The terminal layer combines a variety of IoT sensing terminals, with standard NB-IoT modules integrated into gas meters, flow meters, pipe network DTUs, and smart home devices. Information is uploaded to the IoT platform via NB-IoT base stations.
The network layer can be easily upgraded to provide national coverage through existing cellular networks. Compared to other LPWAN technologies, NB-IoT offers advantages such as low network construction costs, fast rollout, and wide coverage, and is the standard of choice for mainstream carriers.
On the cloud platform layer, Huawei's IoT platform supports business applications for all kinds of scenarios. Goldcard and Huawei jointly developed a standardized gas terminal model that connects to a variety of gas terminals via a southbound plug-in. A gas micro-service suite facilitates customer billing services and seamless connectivity for remote device data acquisition and control.
The solution provides a full range of SaaS applications for small and medium gas companies, including applications for demand-side management (customer management, meter reading, and billing services) and supply-side precision management (network construction, production and operations, and device O&M), which gas companies can buy on demand.
Goldcard and Huawei optimized a general-purpose E2E security system and introduced a Datagram Transport Layer Security (DTLS) mechanism that provides lightweight security protocols and algorithms. The system maximizes data security and minimizes terminal power consumption, and connectivity between gas meters. The EPC is based on 3GPP AKA protocols to ensure certified devices access legal networks.
3GPP NAS and AS establish secure channels between gas meters and the core network. IPsec creates a secure network channel between the wireless side and EPC. At the data transmission layer, DTLS and DTLS+ form a secure data channel between smart gas meters and the IoT platform. A public network HTTPS between the IoT platform and gas industry applications establishes a secure transmission channel.
Smart gas integrated with IoT has changed the way users perceive gas services. Combined with service channels such as WeChat, Alipay, online service portals, and ATMs, users can obtain information on gas consumption, bills, and other data, and pay bills quickly and easily at home.
IoT smart gas solutions disrupt the traditional model of manual meter reading, end of month billing, and queues at service centers. Operations and service costs for gas companies are much lower and gas consumption and gas supply security risks are eliminated, while users receive value-added services. Accurate gas consumption monitoring and supply and demand analysis provide the government with quantitative information on saving energy and reducing emissions, thus supporting clean energy strategies.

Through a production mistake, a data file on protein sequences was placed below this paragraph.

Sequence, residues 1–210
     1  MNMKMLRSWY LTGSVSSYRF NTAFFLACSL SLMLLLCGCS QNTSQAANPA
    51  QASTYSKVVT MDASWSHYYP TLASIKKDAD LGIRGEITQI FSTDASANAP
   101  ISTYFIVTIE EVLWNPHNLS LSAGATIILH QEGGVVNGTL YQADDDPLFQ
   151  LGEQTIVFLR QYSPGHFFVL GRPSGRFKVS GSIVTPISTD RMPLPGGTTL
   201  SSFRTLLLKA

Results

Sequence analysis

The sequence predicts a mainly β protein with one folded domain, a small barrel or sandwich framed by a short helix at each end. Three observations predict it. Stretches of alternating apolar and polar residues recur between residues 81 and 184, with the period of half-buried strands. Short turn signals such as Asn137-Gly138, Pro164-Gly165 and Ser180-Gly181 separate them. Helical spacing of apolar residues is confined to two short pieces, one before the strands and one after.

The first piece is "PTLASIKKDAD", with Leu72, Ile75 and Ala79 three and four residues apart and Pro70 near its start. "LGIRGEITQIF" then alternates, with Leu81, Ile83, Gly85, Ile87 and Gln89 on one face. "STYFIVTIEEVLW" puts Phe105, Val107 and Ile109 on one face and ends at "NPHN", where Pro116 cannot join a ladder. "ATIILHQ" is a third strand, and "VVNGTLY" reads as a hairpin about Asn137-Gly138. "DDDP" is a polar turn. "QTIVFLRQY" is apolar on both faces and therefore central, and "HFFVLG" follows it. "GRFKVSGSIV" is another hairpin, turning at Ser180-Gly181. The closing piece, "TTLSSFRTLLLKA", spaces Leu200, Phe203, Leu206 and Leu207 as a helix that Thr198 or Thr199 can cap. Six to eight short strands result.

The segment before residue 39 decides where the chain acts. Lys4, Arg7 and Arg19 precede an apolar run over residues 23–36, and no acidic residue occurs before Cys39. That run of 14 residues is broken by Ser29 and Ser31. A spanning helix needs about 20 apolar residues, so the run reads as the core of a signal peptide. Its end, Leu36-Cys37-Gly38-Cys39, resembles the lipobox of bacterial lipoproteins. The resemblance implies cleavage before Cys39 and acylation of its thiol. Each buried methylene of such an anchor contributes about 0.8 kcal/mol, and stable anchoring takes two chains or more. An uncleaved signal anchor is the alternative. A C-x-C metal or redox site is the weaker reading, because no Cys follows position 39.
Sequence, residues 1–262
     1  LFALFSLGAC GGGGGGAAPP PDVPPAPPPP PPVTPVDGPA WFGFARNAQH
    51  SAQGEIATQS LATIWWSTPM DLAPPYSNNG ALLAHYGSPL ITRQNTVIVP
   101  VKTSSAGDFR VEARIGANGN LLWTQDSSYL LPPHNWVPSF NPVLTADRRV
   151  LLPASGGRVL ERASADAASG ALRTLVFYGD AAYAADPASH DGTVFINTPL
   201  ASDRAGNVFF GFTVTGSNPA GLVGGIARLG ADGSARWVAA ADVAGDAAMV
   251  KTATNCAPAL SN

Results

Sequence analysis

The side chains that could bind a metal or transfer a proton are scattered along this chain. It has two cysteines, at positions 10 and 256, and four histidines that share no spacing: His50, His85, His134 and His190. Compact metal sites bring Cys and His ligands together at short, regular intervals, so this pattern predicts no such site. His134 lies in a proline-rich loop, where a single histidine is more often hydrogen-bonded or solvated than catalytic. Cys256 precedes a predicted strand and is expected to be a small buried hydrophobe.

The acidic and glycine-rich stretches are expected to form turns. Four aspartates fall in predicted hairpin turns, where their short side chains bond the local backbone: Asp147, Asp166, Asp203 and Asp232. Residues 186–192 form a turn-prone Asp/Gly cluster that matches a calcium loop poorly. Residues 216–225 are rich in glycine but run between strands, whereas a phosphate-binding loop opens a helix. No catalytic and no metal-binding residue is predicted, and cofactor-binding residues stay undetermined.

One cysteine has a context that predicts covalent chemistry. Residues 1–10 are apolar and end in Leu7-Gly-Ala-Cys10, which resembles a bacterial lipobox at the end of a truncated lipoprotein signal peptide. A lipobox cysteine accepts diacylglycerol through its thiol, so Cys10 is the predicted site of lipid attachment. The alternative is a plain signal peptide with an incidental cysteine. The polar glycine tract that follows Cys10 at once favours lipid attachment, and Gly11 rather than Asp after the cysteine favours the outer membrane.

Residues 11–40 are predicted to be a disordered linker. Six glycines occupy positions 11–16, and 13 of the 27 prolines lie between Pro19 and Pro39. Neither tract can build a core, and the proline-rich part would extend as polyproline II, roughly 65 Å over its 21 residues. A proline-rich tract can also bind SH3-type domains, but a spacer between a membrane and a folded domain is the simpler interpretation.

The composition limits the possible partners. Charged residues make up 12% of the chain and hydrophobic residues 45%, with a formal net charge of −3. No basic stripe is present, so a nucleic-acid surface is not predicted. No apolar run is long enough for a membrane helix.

In 2016, a district of a city in Guangdong implemented an IoT smart gas solution, upgrading conventional meters to IoT meters. In one year, 200,000 households were upgraded to the new meters. The system carried out daily meter readings and bills were calculated automatically by a control center, allowing customers to pre-pay for their gas online. After the system went into operation, meter successful reading ratio increased from 93 percent to 100 percent. This saved the need for 135 meter readers and one service center, leading to savings in labor costs of more than 10 million yuan per year.
In 2015, a city in Hebei carried out IoT upgrades on 2,000 gas meters in three neighborhoods that used natural gas boilers for heating. After one winter period lasting months, gas consumption increased by 225,000 m3 over 2014, contributing to a 15 percent rise in revenue from gas supply. Thanks to automated meter reading using IoT technology, the successful reading ratio rose from 96 percent to 100 percent, with a 5 percent reduction in lost gas due to measures such as the online monitoring of gas consumption and troubleshooting. Precise ladder pricing calculated at the cloud end increases billing income by 6 percent over estimated billing.
As government policies continue to open up national gas networks and services, the natural gas market is set to see real-time bidding over the whole network and the introduction of on-demand allocation, market pricing, and the integration of spot commodities and futures.
Thanks to Goldcard's rich experience in gas services and cloud services and Huawei's NB-IoT technology and platform, gas companies can quickly implement various applications like smart meter reading, advanced metering, smart network scheduling, and smart home services.